These self-care steps may prevent or help treat bruxism:
July 22, 2014
- Reduce stress. Listening to music, taking a warm bath or exercising can help you relax and may reduce your risk of developing bruxism.
- Avoid stimulating substances in the evening. Don't drink caffeinated coffee or caffeinated tea after dinner, and avoid alcohol and smoking during the evening, as they may worsen bruxism.
- Practice good sleep habits. Getting a good night's sleep, which may include treatment for sleep problems, may help reduce bruxism.
- Talk to your sleep partner. If you have a sleeping partner, ask him or her to be aware of any grinding or clicking sounds that you might make while sleeping so that you can report this to your doctor.
- Schedule regular dental exams. Dental exams are the best way to identify bruxism. Your dentist can spot signs of bruxism in your mouth and jaw with regular visits and exams.
- Teeth grinding. Mouth Healthy. http://www.mouthhealthy.org/en/az-topics/t/teeth-grinding. Accessed Jan. 28, 2014.
- Feu D, et al. A systematic review of etiological and risk factors associated with bruxism. Journal of Orthodontics. 2013;40:163.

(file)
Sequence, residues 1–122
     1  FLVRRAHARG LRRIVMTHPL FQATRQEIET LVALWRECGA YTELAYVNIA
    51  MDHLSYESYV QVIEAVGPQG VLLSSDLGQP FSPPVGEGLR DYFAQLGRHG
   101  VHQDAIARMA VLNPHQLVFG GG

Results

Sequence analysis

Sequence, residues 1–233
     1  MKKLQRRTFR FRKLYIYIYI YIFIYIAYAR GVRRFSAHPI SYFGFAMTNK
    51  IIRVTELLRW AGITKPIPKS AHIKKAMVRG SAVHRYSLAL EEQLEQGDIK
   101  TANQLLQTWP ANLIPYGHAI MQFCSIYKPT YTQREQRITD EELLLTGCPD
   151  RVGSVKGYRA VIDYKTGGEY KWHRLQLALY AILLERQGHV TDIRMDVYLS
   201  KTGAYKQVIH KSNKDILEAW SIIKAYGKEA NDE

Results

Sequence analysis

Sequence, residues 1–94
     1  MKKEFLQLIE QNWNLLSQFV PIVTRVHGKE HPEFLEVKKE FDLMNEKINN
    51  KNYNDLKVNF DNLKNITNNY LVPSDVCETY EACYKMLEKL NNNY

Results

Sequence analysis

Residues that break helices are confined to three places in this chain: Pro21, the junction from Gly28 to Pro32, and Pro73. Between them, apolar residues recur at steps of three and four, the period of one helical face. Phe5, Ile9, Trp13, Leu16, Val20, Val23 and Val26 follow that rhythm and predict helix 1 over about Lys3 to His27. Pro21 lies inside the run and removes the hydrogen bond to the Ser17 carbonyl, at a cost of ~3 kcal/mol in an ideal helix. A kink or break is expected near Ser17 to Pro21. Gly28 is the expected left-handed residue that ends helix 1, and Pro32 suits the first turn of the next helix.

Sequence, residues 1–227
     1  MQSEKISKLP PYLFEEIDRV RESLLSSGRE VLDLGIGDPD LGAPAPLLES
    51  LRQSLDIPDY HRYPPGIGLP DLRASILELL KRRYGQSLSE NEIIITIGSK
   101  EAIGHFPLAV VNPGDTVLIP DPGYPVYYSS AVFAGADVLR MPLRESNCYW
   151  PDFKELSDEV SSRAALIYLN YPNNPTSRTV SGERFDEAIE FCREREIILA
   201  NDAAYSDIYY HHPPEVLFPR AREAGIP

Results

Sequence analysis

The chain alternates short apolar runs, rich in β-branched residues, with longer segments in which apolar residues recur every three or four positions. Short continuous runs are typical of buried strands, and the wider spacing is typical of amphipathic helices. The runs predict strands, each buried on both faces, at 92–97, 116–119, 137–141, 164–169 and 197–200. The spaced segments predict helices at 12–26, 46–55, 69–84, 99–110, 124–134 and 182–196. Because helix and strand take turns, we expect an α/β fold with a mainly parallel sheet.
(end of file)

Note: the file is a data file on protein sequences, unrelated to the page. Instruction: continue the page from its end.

- Scrivani SJ, et al. Temporomandibular disorders in adults. http://www.uptodate.com/home. Accessed Jan. 28, 2014.
- Nowak AJ, et al. Oral habits and orofacial development in children. http://www.uptodate.com/home. Accessed Jan. 28, 2014.
- What is bruxism? Academy of General Dentistry. http://www.knowyourteeth.com/infobites/abc/article/?abc=w&iid=292&aid=1137. Accessed Jan. 28, 2014.
- Kato T, et al. Sleep less and bite more: Sleep disorders associated with occlusal loads during sleep. Journal of Prosthodontic Research. 2013;57:69.
- Lobbezoo F, et al. Principles for the management of bruxism. Journal of Oral Rehabilitation. 2008;35:509.
- Golden, AK. Decision Support System. Mayo Clinic, Rochester, Minn. Oct. 10, 2013.
- Silber MH (expert opinion). Mayo Clinic, Rochester, Minn. Feb. 4, 2014.
- Salinas TJ (expert opinion). Mayo Clinic, Rochester, Minn. Feb. 17, 2014.